When choosing footwear, don’t sacrifice comfort for price. Hardy says Nordstrom, Nine West and J.Crew have some good, affordable options. For high-end footwear she recommends Stuart Weitzman and Ron White.
On the Body:
All experts recommend a tailored suit jacket and pants. “These are interchangeable in the wardrobe and can be worn more formally in the office or more casually on the weekend or evenings,” Gvaramadze explains. “A businessman can pair his suit jacket with a pair of tailored pants or even jeans.”
For colour, Godchild recommends charcoal and navy. “They are the most versatile colours. You can pair them with any other colour in your wardrobe.” Nicholl notes non-standard colours like rust, burgundy and forest green are increasingly becoming basics. “They can be worn with the same variety of colours as basic blues, greys, browns,” he says. “They’re not in-your-face but still fun and different.”
He also recommends suits that have details – contrasting stitch, patch pockets, buttons that pop and patterns – to add a fashion element to office-appropriate clothing. “These allow the suit to be worn as separates, creating more versatility. For example, patterned suit trousers go with blazers, vests and sweaters.”
Another item to include is a separate vest to add contrast to a suit. “A solid vest with a patterned suit or a patterned vest with a solid suit.”
Another key item is a sport coat. “Pairing a sport coat with cotton twill pants and a collared shirt works for meetings,” Godchild says. It can also elevate a casual look. “For instance, on a casual Friday it can be paired with a collared shirt and dark denim and it’s a perfect corporate casual look.” Nicholl agrees, “Sport coats are increasingly important in the business wardrobe. They can be dressed down as much as up.”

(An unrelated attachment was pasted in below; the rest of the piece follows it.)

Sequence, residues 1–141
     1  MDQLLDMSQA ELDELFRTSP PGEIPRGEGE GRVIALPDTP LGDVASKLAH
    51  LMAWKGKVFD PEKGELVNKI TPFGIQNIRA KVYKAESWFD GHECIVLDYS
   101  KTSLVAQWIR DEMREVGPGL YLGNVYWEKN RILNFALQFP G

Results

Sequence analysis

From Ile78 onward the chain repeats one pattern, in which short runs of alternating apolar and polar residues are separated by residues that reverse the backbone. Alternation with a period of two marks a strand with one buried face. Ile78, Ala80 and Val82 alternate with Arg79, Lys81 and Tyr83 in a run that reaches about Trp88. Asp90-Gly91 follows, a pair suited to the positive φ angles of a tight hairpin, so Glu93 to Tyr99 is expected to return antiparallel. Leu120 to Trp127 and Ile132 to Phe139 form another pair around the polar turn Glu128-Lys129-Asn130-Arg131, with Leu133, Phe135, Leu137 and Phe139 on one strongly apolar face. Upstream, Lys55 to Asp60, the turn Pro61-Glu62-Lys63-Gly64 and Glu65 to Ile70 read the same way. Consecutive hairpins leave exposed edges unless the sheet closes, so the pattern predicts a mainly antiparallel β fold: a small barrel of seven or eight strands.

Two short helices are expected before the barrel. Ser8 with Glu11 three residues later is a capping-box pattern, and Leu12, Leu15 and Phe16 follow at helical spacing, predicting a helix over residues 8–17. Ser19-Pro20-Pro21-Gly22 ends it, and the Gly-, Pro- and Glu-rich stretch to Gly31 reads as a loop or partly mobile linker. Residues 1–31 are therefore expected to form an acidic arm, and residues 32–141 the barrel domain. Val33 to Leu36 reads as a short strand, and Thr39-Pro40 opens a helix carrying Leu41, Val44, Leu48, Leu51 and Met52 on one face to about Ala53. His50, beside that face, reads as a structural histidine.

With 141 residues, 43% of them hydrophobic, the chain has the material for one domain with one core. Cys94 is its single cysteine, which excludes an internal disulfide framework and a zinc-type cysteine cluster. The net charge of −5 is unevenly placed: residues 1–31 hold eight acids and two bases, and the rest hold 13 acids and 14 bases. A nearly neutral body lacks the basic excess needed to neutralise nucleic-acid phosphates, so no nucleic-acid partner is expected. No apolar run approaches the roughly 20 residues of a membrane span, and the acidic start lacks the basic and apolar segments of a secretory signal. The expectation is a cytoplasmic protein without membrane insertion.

Both Godchild and Nicholl highlight the importance of versatile separates to mix and match for fresh combinations every day. “It keeps the wardrobe interesting so that the wearer doesn’t get tired of his clothes by wearing the same outfits over and over,” Nicholl explains.
Good suit options can be found at Supreme Men’s Wear, Harry Rosen, Henry Singer, Baldessarini, Berluti, Burberry and Barena. Godchild also recommends going the custom route with a bespoke tailor such as J. Yunger Bespoke Clothier. Supreme Men’s Wear, Holt Renfrew, Modern Menswear and Baldessarini offer good sport coat options.
On the Feet:
Godchild says every businessman needs a sleek lace-up dress shoe. “Shoes are very important in any man’s wardrobe. Stay clear of clunky square toe dress shoes and wear a sleek round or almond toe shoe.” While leather is a go-to fabric, Gvaramadze and Nicholl suggest suede as another option.
Nicholls says the selection of colours and details in men’s shoes has expanded beyond basic black, brown and tan. “Colours like grey, navy and two-tone add variety but are still versatile.” Godchild recommends cognac or dark brown shoes as the most versatile.
Depending on one’s work environment, Gvaramadze recommends a pair of white sneakers, which can help interchange traditional office looks with more casual pieces. “A knitted double-breasted jacket paired with a classic white shirt and a pair of white sneakers are the perfect blend of weekend casual and office attire.”
Supreme Men’s Wear, Gravity Pope, Holt Renfrew and Nordstrom have many good footwear options for men.